This blog was written by Dimitri Stoelinga, Managing Partner at Laterite, to share his reflections on the September 2019 UKFIET conference on inclusive education systems. This blog was originally published on the Laterite website on 3 October 2019.
I had the opportunity to present Laterite’s work for the Mastercard Foundation on school-to-work transitions at a symposium on the future of secondary education in sub-Saharan Africa at the UKFIET conference in September 2019.
Our study aimed to answer the question: How can secondary education support young people in sub-Saharan Africa to acquire the skills needed to find a job? While the discussion on school-to-work transitions often focuses on the skills needed to succeed in a job, our study focuses in particular on the narrower set of skills needed to find a job. We found that there are great opportunities for secondary education to help prepare young people for the transition to work, but it’s important that school-based programmes take account of the context and the realities of the job market. You can read our findings and recommendations in our policy brief.
I was also able to attend some great sessions that showed how innovation can make a difference on the ground. Highlights included presentations from the British Learning Foundations (BLF) team (the Education Development Trust, the British Council and VSO) and IDInsight.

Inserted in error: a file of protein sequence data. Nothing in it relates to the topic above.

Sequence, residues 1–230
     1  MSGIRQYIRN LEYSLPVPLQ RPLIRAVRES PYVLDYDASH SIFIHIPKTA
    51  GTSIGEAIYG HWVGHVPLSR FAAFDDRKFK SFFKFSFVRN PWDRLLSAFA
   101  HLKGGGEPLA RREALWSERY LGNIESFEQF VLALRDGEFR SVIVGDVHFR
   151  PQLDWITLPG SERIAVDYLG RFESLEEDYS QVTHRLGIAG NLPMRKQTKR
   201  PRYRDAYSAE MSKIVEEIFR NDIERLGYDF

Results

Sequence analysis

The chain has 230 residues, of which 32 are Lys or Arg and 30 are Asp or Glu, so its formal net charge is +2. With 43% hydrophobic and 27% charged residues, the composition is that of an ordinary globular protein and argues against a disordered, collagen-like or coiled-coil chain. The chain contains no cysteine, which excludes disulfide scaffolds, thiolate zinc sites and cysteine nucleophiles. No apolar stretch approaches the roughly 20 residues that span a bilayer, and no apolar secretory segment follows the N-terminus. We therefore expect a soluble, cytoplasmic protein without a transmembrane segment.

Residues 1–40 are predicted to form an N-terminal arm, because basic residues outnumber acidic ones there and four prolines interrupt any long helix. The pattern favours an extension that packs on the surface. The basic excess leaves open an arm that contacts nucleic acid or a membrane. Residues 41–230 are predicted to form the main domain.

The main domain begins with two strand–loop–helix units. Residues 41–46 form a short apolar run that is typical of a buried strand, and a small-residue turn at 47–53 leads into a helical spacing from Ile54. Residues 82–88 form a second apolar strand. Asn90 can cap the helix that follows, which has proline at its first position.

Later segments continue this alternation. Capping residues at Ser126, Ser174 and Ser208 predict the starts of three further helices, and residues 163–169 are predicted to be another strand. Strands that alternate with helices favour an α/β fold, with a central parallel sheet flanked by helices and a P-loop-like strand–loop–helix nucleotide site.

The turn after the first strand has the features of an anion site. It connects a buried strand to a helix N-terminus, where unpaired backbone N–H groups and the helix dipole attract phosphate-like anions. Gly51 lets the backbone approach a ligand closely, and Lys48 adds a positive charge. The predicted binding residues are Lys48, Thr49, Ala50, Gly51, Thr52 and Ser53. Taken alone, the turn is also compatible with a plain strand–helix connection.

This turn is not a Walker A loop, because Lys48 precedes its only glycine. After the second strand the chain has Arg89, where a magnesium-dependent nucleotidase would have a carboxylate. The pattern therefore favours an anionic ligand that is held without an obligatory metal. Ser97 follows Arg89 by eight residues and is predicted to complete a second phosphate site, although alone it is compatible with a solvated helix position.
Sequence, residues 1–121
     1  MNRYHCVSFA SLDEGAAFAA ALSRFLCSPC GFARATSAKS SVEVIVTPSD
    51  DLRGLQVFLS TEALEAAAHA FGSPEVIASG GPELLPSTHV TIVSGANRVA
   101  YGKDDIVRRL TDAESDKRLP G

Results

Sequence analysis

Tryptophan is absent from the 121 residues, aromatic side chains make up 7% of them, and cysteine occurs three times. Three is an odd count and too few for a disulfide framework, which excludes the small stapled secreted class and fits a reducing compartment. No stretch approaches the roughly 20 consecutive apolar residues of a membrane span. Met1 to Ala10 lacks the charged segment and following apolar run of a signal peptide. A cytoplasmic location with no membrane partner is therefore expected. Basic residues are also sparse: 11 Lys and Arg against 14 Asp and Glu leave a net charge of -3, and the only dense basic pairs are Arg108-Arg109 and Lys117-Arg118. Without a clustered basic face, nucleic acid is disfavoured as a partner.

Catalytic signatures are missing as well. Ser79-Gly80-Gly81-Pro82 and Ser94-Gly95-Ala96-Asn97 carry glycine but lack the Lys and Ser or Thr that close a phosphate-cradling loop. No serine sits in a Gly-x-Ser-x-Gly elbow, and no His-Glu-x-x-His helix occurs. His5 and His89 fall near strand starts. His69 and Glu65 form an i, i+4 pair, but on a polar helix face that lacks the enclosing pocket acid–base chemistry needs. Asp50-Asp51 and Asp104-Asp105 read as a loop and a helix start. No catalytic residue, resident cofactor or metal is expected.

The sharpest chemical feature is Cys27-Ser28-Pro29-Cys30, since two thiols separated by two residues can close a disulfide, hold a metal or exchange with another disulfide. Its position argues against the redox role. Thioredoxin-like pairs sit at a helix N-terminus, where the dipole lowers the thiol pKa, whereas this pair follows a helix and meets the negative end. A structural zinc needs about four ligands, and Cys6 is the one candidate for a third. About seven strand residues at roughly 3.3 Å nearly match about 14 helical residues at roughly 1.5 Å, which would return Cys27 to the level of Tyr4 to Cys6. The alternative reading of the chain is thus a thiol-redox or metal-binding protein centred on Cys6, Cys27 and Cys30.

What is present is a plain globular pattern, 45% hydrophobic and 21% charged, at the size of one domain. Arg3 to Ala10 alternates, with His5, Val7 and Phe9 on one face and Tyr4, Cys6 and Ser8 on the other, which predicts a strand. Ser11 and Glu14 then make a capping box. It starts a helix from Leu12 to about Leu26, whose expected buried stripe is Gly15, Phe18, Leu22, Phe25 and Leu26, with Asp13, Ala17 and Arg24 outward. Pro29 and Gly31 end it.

The BLF team is working closely with the Ministry of Education in Rwanda and the Rwanda Education Board to improve teaching quality and foundational learning outcomes at the primary school level. The innovation BLF is introducing is to bring teacher training directly to the teachers every four to five weeks through an intensive field programme. The training model appears to be delivering promising outcomes. The discussion in this session focused on how to sustain this model moving forward.
IDInsight used machine learning techniques to predict the number of out-of-school girls in target villages using a combination of Indian census data and data routinely collected by Educate Girls – an NGO that works to re-enrol out-of-school girls. They also checked whether the algorithm preferentially targeted certain castes or religious groups to avoid potential unwanted biases. The predictions performed relatively well, and much better than random.
I really liked the simplicity and usefulness of this approach. Even small improvements in targeting can have a large aggregate impact, and the benefits are clear.
I look forward to the next opportunity to share our work and learn from our peers!